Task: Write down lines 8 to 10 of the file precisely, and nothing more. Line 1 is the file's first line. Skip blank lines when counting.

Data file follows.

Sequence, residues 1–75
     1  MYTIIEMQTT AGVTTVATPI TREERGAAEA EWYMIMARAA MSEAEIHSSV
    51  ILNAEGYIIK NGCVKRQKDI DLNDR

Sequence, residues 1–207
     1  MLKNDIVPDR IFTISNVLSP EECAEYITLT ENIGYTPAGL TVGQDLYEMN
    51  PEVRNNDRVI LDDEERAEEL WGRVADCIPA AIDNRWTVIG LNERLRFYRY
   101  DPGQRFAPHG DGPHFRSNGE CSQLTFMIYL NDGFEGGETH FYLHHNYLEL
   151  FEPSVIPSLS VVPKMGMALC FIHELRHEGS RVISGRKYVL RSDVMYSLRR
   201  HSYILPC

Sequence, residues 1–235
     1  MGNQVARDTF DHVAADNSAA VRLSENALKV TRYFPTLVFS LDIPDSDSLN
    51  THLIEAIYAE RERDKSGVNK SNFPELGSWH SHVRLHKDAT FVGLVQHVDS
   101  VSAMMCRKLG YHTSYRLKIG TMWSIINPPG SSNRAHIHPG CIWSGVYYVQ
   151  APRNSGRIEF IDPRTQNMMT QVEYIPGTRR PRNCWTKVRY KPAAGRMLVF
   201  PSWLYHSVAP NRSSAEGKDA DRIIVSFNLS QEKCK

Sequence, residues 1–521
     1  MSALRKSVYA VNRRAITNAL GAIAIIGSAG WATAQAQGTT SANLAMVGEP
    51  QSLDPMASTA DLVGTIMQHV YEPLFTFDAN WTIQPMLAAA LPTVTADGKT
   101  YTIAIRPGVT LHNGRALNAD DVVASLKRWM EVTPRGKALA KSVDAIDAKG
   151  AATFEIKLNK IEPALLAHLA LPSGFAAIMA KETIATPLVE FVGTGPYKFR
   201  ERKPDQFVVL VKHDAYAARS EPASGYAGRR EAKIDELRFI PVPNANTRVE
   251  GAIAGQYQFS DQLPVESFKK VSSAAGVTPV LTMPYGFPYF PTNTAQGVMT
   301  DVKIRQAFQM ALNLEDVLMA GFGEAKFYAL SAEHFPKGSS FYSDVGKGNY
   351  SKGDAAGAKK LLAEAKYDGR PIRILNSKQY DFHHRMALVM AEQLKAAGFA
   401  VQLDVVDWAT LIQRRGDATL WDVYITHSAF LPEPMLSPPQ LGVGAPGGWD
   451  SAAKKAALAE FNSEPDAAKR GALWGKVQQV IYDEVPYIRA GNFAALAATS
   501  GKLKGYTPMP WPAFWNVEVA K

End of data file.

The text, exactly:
   151  FEPSVIPSLS VVPKMGMALC FIHELRHEGS RVISGRKYVL RSDVMYSLRR
   201  HSYILPC

Sequence, residues 1–235